Water famously becomes completely frozen at 32 degrees Fahrenheit (0 degrees Celsius). But when water is devoid of impurities, like in purified bottled water, the freezing process requires even colder temperatures.
So, if you place bottles of purified water in the cold air of a freezer and leave them a couple of hours, they'll still be liquid because pure water with no nuclei in it freezes at minus 43.6 degrees Fahrenheit (minus 42 degrees Celsius). It's now a supercooled liquid, which does indeed sound super cool.
Let's Make Some Instant Ice!
Ready to freeze water? Grab some water bottles and place them in your freezer. Make sure it's undisturbed for a few hours, getting it to that supercooled state. The exact freezing time? Typically, it takes about two-and-a-half to three hours.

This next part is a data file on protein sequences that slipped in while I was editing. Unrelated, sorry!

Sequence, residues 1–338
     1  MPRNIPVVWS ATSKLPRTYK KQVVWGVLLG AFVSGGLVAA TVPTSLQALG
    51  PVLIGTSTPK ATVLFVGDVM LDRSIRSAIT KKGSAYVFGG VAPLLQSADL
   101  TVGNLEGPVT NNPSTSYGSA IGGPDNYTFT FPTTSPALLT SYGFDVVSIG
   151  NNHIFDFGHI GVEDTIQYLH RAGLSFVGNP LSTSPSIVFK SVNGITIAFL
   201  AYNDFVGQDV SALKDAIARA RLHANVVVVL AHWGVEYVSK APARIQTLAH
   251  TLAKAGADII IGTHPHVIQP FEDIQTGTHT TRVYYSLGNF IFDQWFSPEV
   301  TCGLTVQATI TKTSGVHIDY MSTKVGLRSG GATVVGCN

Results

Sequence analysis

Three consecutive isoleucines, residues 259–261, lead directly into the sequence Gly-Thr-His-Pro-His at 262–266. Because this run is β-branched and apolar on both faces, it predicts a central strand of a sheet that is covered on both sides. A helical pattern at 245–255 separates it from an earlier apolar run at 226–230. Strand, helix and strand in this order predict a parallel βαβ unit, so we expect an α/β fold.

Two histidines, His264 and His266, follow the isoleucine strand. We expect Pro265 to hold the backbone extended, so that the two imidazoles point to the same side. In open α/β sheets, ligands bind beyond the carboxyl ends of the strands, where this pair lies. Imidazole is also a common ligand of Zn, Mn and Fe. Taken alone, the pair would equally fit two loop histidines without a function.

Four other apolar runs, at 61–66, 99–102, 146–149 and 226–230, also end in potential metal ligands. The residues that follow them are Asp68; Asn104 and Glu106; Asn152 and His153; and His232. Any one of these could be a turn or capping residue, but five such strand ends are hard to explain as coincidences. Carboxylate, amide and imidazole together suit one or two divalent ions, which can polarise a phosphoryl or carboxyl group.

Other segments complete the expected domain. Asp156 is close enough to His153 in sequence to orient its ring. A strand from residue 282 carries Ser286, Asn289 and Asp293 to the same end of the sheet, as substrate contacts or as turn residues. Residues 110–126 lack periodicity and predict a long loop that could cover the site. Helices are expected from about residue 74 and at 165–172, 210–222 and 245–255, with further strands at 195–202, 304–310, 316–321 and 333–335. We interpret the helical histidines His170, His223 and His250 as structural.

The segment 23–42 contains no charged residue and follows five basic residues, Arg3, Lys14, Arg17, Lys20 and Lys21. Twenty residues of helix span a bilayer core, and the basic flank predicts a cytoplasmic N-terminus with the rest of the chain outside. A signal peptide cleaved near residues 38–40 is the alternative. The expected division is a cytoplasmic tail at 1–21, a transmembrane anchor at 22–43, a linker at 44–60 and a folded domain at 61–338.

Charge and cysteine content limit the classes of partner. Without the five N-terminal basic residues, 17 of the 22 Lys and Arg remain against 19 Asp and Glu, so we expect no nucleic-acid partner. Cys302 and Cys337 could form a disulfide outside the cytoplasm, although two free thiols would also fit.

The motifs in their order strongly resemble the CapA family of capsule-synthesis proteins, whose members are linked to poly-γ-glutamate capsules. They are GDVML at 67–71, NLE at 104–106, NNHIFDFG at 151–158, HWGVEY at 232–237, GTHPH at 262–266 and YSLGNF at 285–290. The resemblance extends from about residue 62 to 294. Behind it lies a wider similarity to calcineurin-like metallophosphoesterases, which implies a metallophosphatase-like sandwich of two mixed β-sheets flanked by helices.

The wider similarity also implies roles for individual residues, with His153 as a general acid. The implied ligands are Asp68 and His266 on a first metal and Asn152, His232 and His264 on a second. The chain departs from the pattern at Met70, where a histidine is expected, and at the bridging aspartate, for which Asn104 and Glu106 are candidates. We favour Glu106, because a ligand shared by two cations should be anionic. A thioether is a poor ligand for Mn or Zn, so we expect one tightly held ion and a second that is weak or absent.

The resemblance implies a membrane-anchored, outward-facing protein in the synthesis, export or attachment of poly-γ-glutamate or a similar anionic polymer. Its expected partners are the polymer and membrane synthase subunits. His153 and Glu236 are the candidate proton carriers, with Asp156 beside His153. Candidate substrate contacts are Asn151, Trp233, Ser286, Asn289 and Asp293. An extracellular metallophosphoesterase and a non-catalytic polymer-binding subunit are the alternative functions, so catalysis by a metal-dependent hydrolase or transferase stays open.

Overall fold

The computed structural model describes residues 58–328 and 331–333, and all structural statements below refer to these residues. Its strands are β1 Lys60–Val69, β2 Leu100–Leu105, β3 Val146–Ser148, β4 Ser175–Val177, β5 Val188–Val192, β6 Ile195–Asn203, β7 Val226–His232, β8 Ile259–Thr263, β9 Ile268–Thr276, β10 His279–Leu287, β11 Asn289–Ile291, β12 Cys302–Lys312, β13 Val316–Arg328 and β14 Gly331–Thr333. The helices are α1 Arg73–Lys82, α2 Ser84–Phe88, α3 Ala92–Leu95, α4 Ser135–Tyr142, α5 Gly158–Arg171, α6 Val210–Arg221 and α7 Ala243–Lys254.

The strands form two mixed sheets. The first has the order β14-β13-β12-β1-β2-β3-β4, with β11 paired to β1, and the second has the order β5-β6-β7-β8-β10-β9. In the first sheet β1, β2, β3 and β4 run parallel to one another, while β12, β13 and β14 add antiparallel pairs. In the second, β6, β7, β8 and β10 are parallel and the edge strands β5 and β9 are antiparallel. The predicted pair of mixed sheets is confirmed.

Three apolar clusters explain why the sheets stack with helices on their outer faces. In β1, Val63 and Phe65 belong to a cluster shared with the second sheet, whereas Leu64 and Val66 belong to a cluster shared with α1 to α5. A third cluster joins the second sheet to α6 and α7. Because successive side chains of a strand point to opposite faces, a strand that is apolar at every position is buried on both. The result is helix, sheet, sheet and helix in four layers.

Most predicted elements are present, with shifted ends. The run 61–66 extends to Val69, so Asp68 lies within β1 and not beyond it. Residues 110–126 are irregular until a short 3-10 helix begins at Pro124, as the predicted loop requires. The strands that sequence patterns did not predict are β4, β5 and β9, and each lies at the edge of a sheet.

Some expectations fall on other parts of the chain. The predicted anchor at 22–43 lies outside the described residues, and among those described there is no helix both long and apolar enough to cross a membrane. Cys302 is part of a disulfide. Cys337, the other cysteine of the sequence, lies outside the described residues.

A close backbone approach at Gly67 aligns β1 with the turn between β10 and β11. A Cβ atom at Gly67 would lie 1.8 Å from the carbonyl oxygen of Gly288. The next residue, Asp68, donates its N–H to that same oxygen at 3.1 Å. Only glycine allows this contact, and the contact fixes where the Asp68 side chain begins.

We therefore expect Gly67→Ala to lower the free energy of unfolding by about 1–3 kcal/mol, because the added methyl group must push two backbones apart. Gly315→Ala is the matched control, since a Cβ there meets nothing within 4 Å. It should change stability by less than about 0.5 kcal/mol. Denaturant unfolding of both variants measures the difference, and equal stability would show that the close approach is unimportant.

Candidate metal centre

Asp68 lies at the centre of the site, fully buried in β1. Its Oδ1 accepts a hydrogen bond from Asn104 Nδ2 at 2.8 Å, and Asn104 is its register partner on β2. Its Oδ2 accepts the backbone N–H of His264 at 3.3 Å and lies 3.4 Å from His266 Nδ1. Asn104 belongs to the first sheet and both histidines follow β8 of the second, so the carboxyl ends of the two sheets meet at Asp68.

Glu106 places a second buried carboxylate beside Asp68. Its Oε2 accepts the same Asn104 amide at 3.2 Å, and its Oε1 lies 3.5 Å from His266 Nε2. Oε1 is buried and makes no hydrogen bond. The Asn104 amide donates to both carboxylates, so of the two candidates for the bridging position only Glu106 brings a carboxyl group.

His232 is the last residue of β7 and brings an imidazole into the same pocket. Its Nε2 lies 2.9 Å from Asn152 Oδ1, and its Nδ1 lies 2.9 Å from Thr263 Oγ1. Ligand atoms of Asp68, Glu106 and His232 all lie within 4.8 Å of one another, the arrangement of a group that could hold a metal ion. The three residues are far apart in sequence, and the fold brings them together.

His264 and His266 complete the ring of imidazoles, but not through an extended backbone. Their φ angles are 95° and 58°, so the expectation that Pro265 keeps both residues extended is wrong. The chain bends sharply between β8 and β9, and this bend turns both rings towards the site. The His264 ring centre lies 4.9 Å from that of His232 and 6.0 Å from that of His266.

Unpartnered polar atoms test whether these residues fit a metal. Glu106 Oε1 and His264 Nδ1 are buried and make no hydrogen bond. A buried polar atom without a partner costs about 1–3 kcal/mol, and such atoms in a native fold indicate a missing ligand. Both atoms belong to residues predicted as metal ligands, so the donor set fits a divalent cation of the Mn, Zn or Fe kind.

Once the wait is over, remove the bottles with care. Then shake one or whack it on the table.
Anything can act as a nucleus at this point — air bubbles, a slight dent in the bottle. Any little change will be enough to cause homogenous nucleation. Once that disturbance is present, the uniform water molecules will freeze completely and so quickly that it looks instant.